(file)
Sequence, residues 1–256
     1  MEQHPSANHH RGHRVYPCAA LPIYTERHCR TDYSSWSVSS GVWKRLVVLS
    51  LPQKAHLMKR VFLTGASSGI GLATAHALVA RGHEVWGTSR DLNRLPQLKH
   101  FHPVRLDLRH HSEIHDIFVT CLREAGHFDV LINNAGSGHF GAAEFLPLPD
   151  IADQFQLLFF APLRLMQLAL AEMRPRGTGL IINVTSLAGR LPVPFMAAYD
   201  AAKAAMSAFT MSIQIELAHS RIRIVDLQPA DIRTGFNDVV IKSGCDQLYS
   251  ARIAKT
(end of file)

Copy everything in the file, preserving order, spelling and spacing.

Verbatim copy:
Sequence, residues 1–256
     1  MEQHPSANHH RGHRVYPCAA LPIYTERHCR TDYSSWSVSS GVWKRLVVLS
    51  LPQKAHLMKR VFLTGASSGI GLATAHALVA RGHEVWGTSR DLNRLPQLKH
   101  FHPVRLDLRH HSEIHDIFVT CLREAGHFDV LINNAGSGHF GAAEFLPLPD
   151  IADQFQLLFF APLRLMQLAL AEMRPRGTGL IINVTSLAGR LPVPFMAAYD
   201  AAKAAMSAFT MSIQIELAHS RIRIVDLQPA DIRTGFNDVV IKSGCDQLYS
   251  ARIAKT